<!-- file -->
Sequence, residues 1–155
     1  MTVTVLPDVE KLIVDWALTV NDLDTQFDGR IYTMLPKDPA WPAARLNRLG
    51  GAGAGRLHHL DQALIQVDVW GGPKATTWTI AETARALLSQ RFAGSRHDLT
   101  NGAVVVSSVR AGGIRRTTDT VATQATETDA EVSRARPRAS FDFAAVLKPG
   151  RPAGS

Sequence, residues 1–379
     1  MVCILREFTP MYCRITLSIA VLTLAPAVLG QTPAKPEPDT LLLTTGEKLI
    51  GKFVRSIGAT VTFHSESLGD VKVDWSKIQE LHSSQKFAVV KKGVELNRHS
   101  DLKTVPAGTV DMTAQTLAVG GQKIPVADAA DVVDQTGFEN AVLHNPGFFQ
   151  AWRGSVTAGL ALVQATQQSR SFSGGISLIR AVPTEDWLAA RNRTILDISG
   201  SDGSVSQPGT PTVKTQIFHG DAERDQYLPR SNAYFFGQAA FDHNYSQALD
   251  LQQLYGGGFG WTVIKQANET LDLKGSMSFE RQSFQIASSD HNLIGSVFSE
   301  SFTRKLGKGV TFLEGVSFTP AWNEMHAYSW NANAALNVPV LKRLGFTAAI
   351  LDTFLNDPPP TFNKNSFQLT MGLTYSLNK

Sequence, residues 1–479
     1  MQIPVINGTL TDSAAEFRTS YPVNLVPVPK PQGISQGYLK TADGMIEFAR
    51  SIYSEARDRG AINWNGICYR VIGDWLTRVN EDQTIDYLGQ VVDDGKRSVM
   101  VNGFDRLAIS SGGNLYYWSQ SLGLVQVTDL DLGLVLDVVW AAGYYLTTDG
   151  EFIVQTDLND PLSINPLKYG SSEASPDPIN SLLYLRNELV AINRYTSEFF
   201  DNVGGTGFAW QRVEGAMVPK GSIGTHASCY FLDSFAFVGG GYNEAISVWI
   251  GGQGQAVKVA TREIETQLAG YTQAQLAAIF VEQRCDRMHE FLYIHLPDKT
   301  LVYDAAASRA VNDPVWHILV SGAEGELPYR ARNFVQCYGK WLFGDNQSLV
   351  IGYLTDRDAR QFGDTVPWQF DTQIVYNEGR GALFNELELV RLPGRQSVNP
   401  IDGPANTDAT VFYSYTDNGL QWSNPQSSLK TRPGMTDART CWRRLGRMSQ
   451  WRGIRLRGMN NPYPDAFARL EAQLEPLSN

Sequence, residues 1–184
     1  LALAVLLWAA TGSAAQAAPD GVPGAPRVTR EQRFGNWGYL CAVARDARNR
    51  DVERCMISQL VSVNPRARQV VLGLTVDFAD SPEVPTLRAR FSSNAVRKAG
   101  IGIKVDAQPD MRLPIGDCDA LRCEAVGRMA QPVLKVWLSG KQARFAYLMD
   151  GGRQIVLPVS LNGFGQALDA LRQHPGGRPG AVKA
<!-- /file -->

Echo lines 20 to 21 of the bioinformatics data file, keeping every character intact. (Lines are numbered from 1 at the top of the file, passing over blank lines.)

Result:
   201  DNVGGTGFAW QRVEGAMVPK GSIGTHASCY FLDSFAFVGG GYNEAISVWI
   251  GGQGQAVKVA TREIETQLAG YTQAQLAAIF VEQRCDRMHE FLYIHLPDKT